Editors want writers to blow their socks off lyrically, yes. They also want them to be informative, relevant and concrete. These are two opposing sides to the same coin. The coin may land face-up or face-down, depending on the publication, but most often, the two sides should spin in a silver whir, scarcely distinguishable. In all your drive to educate, remember your own humanity; in all your wit, remember to be accessible. Dry jargon falls on deaf ears, as do obscure jokes.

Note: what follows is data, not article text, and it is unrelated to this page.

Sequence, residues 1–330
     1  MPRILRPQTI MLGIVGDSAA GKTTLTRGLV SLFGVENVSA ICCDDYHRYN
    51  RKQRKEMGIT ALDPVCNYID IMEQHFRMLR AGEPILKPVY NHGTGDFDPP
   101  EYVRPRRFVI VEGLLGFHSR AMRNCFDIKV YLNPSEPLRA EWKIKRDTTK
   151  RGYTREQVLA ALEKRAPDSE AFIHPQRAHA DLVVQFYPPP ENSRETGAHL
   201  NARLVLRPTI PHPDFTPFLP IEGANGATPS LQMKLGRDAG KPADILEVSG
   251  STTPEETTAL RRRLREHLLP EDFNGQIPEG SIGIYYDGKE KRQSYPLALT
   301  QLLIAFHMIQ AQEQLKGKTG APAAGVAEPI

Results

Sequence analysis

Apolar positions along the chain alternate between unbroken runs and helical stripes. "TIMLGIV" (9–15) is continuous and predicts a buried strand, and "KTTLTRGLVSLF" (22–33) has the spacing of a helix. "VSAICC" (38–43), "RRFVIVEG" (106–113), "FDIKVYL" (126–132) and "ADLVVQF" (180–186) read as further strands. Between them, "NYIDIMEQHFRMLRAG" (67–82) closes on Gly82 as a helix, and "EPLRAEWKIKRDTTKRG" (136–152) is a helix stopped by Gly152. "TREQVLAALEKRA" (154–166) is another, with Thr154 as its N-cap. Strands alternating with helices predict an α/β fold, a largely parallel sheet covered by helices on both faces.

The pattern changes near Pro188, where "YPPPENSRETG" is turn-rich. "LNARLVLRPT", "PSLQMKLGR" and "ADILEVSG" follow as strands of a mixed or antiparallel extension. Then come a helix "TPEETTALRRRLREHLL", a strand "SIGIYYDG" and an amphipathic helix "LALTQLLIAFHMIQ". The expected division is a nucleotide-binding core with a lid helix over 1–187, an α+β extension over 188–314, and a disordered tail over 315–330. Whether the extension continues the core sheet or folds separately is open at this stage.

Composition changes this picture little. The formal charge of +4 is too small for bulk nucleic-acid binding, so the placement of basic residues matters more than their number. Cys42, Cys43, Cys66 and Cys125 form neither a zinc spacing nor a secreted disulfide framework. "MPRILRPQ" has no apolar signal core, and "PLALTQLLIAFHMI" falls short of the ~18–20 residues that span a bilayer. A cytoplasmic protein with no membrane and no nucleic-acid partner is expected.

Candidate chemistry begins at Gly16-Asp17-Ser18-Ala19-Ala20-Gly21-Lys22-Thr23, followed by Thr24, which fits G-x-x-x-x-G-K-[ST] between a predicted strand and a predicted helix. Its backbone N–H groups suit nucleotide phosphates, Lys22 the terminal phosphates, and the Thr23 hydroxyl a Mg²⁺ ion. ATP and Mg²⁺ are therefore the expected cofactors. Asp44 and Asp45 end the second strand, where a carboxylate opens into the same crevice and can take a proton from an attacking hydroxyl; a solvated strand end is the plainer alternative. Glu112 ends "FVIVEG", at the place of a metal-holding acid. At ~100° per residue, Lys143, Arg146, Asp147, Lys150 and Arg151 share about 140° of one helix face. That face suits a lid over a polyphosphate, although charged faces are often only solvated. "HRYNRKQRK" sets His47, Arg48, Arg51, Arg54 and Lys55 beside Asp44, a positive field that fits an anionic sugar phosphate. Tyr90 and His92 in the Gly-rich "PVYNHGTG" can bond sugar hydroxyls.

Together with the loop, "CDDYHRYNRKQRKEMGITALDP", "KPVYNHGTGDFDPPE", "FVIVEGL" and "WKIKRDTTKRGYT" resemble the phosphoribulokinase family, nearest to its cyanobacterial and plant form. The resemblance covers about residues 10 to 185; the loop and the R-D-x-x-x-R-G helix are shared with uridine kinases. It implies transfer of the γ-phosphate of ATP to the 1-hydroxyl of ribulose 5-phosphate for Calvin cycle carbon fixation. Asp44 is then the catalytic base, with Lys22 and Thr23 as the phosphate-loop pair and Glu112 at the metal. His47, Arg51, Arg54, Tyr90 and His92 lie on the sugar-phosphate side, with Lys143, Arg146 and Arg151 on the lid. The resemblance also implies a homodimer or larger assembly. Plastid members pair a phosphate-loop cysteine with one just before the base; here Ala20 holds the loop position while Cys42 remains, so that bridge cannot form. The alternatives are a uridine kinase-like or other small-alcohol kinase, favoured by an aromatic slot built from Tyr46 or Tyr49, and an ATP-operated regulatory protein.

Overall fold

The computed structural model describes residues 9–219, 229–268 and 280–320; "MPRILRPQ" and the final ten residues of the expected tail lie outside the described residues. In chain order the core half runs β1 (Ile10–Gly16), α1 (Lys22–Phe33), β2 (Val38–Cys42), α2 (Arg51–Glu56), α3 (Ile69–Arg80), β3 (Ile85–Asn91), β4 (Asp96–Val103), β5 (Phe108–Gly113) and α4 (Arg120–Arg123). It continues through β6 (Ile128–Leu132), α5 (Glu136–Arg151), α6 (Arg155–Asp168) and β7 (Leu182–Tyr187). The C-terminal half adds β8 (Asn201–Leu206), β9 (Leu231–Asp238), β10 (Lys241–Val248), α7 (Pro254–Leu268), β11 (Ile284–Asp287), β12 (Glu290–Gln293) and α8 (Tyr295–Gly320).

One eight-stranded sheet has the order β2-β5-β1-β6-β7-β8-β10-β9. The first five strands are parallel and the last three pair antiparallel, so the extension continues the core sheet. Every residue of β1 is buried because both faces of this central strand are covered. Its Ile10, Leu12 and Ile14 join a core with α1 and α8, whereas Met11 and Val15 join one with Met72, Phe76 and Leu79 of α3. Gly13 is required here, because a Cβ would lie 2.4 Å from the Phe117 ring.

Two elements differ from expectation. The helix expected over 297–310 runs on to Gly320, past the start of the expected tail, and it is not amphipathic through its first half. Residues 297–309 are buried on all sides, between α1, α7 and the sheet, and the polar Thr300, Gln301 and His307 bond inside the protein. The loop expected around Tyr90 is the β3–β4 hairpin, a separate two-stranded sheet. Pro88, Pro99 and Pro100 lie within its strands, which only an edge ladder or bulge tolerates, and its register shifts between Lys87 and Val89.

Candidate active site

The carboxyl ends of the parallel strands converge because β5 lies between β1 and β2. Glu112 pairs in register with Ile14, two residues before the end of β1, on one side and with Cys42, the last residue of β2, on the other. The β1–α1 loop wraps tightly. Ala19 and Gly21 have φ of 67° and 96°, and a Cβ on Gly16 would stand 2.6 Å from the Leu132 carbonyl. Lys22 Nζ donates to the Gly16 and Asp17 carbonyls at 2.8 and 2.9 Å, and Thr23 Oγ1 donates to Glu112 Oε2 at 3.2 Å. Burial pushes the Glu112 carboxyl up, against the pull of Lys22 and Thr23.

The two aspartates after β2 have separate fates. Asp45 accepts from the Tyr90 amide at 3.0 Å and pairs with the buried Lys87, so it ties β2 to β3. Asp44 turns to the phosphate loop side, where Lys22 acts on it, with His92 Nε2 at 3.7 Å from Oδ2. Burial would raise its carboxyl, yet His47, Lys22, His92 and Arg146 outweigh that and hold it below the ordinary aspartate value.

Editors build relationships with their writers. If you are unknown to them (or, worse, they remember you badly), they may ignore you, particularly if you’ve taken it upon yourself to reinvent the wheel with your query format. Your job is to gain their trust. They’ve provided rules on how to do this the first time around: they’re called submission guidelines. They are a handy shortcut to the editor’s heart.
Editors will judge you quickly. It’s their job. They get hundreds of queries a day, month, year. Dealing with poets, CEOs and PR reps makes them suspicious of anything that looks too flighty, too stolid or at all self-promotional.